Mechanisms by which cysteine can inhibit or promote the oxidation of low density lipoprotein by copper
Patterson, R. A., Lamb, D. J. and Leake, D. S. (2003) Mechanisms by which cysteine can inhibit or promote the oxidation of low density lipoprotein by copper. Atherosclerosis, 169 (1). pp. 87-94. ISSN 0021-9150
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To link to this article DOI: 10.1016/s0021-9150(03)00154-0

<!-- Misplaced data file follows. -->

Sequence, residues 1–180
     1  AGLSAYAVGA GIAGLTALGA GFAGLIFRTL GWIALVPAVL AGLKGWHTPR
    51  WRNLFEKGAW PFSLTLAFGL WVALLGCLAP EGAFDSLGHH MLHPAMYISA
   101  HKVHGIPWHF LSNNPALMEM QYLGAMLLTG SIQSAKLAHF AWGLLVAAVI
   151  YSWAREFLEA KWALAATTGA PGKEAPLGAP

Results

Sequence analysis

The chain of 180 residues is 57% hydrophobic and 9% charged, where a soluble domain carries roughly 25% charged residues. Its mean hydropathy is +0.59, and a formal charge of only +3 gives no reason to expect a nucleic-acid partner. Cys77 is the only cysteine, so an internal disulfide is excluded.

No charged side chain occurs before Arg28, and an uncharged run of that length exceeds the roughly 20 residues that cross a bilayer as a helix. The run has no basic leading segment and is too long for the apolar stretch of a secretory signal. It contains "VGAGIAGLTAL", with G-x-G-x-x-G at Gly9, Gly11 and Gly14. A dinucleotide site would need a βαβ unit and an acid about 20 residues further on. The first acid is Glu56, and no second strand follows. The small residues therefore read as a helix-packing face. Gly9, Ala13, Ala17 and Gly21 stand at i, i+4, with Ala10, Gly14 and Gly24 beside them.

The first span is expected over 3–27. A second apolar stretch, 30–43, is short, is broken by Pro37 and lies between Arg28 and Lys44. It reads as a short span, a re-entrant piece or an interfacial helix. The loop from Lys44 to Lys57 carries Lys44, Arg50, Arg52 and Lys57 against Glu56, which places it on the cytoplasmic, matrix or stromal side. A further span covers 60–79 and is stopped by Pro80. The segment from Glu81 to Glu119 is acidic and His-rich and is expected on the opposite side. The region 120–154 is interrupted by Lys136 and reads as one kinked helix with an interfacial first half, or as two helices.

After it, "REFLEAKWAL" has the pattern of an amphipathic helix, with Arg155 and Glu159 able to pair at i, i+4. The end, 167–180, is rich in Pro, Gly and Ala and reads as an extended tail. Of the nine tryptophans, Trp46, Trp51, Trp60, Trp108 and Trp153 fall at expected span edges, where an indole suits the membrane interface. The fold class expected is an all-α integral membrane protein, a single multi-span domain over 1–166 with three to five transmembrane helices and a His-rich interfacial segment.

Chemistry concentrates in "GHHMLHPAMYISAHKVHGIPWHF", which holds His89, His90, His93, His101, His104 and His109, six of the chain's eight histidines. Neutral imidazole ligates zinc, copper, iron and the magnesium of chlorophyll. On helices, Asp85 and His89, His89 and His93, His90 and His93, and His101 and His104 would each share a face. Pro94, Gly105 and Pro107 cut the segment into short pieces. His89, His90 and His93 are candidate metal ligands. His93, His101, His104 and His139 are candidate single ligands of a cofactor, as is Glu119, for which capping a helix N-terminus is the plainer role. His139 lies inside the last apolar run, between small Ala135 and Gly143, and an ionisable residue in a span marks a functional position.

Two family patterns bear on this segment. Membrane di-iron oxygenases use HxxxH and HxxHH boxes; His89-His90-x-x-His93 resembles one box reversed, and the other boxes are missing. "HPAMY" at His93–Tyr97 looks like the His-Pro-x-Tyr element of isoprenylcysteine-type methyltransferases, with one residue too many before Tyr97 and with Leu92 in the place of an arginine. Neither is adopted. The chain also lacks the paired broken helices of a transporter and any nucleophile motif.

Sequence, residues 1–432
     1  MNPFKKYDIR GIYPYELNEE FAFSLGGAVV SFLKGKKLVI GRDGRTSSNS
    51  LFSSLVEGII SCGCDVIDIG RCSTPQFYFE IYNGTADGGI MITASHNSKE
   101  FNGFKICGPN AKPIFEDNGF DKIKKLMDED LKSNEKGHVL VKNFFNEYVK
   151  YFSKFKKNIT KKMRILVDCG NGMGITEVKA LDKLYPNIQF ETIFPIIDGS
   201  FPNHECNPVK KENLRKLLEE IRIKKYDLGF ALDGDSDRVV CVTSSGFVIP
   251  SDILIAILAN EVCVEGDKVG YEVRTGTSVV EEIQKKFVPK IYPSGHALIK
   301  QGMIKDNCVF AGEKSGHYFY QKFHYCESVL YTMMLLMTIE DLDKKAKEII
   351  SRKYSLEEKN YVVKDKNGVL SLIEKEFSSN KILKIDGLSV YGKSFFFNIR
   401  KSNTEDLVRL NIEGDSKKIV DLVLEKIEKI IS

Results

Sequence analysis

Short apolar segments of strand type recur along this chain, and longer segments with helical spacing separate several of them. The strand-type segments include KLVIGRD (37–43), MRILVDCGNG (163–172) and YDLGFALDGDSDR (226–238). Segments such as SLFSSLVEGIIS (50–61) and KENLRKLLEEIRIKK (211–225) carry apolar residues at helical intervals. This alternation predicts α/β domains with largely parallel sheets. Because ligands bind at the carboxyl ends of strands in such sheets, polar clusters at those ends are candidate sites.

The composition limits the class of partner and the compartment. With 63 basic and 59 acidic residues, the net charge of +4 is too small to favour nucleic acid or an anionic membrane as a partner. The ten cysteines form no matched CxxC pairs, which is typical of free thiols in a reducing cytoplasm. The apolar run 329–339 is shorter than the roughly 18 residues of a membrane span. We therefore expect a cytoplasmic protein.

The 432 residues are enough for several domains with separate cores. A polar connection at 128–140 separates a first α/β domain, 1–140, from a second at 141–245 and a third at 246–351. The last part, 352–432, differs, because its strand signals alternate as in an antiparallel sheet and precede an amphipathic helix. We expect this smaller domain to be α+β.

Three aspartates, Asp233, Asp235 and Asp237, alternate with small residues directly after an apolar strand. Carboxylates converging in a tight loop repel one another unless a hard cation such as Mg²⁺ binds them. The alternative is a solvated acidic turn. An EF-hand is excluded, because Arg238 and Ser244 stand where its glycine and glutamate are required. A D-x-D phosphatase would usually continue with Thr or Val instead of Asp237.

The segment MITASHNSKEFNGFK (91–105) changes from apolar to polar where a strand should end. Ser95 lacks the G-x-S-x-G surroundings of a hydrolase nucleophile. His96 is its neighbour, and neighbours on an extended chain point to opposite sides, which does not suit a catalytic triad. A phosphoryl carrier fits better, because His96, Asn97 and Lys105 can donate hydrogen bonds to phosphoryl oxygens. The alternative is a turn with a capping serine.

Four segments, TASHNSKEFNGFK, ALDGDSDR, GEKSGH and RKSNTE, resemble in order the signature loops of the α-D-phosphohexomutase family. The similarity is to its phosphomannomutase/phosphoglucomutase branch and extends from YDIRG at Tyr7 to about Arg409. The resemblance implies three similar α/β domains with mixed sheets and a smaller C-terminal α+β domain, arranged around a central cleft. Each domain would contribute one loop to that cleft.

Oxidised low density lipoprotein (LDL) may play a role in atherogenesis. We have investigated some of the mechanisms by which the thiol cysteine and the disulphide cystine can influence the oxidation of LDL by copper ions. Cysteine or cystine (100 PM) inhibited the oxidation of native LDL by copper in a simple phosphate buffer. One of the mechanisms by which cysteine (or more likely its oxidation products in the presence of copper) and cystine inhibited LDL oxidation was by decreasing the binding of copper to LDL (97% inhibition). Cysteine, but not cystine, rapidly reduced Cu2+ to Cu+. This may help to explain the antioxidant effect of cysteine as it may limit the amount of Cu2+ that is available to convert alpha-tocopherol in LDL into the prooxidant alpha-tocopherol radical. Cysteine (but not cystine) had a prooxidant effect, however, toward partially oxidised LDL in the presence of a low copper concentration, which may have been due to the rapid breakdown of lipid hydroperoxides in partially oxidised LDL by Cu+ generated by cysteine. To prove that cysteine can cause the rapid breakdown of lipid hydroperoxides in LDL, we enriched LDL with lipid hydroperoxides using an azo initiator in the absence of copper. Cysteine, but not cystine, increased the rate of lipid hydroperoxide decomposition to thiobarbituric acid-reactive substances (TBARS) in the presence of copper. (C) 2003 Elsevier Ireland Ltd. All rights reserved.
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